2. ONSITE WEATHERING TEST PROTOCOL

The protocol for the outdoor weathering exposure considered sampling of the high strength woven polyester reinforcement geotextile (Mirafi® PET1000/100) for outdoor weathering exposure for 5, 14, 28 and 42 days. The selected exposure locations are within secured compounds to rule out disturbance or damage due to external factors. Samples are laid basically flat to reflect the geotextile laid out condition at construction site.

2.1 Sites for outdoor exposure

Figure 1 shows the two sites selected for the outdoor exposure of the geotextile samples.

Figure 1: Two sites selected for the outdoor exposure test.

2.2 Sampling and exposure procedure

The following procedure was followed:

  • The high strength woven polyester reinforcement geotextile samples were pre-cut into 2 m wide x 1 m long panels at the factory and wrapped with protective wrapping to protect the samples from sunlight and transportation damage.
  • A set of 5 samples for each location was prepared which included 4 samples for exposure testing at the designated site and 1 sample kept wrapped to be used for the control.
  • At each site a 200 g/m2 nonwoven geotextile was first placed on plywood boards followed by the high strength woven polyester reinforcement geotextile samples and fixed down on a plywood board. Each sample was clearly identified.
  • The boards were then placed in locations where they were exposed to the maximum amount of sunlight for the exposed period.
  • The samples were left to be exposed to rain and sunlight during exposure period at each site.
  • The location chosen were away from warehouse traffic to ensure the samples were free from any disturbance that could cause damage to the geotextile.
  • After each exposure period, the sample was carefully removed, folded and wrapped with the plastic wrapper to be sent to the laboratory for testing.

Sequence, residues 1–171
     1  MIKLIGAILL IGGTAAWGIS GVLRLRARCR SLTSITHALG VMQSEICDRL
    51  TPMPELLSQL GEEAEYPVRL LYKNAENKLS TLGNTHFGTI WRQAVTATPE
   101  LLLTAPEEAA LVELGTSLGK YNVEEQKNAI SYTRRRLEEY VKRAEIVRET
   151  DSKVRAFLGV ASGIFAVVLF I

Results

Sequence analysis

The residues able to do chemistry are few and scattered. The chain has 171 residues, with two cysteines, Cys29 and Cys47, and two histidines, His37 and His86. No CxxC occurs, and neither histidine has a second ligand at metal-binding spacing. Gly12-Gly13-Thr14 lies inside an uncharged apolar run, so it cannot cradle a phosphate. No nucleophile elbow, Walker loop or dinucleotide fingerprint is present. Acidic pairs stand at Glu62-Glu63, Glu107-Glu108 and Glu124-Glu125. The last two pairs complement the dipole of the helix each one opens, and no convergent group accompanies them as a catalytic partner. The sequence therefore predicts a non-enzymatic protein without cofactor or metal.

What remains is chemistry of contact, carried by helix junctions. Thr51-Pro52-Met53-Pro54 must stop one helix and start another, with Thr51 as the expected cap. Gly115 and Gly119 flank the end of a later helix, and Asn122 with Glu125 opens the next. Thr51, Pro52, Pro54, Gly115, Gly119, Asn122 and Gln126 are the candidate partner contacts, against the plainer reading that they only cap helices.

Figure 2 shows the geotextile sample preparation process for exposure at the Auckland yard.

Figure 2: Geotextile sample preparation process for exposure at the Auckland yard.

3. TEST RESULTS

The onsite exposed samples were tested according to ISO10319 at a GAI-LAP accredited lab. Accelerated UV tests which included the Xenon Arc Test according to ASTM D4355 and the QUV Test according to EN 12224 were conducted to establish correlation between them and onsite UV degradation.

3.1 Real time exposure test results

Table 1 shows the test results of MD peak tensile strength and strain at peak strength for the samples exposed in Auckland. Table 2 shows the test results of MD peak tensile strength and strain at peak strength for the samples exposed in Christchurch.

The peak tensile strength retention after 42 days of exposure was 91% for sample exposed in Auckland (see Table 1) while the peak tensile strength retention after 42 days of exposure was 96% for sample exposed in Christchurch (see Table 2). For reinforcement geotextiles it may be more relevant to understand the retained strength at working strain levels than at peak levels. For embankment basal reinforcement applications, working strain levels typically may vary between 2% to 5%.

Table 3 shows the test results of MD tensile strengths at 2% and 5% strains for the samples exposed in Auckland. Table 4 shows the test results of MD tensile strengths at 2% and 5% strains for the samples exposed in Christchurch. At strain levels of 2% and 5%, it appears that there has been no measured loss in tensile strengths for up to 42 days of samples exposure at both Auckland and Christchurch (see Tables 3 and 4), even though a drop in peak tensile strength over time is seen.

Table 1: Test results of MD peak tensile strength and strain at peak strength for Auckland exposed samples.

 

Table 2: Test results of MD peak tensile strength and strain at peak strength for Christchurch exposed samples.

 

Table 3: Test results of MD tensile strength at 2% and 5% strains for Auckland exposed samples.

 

Table 4: Test results of MD tensile strength at 2% and 5% strains for Christchurch exposed samples.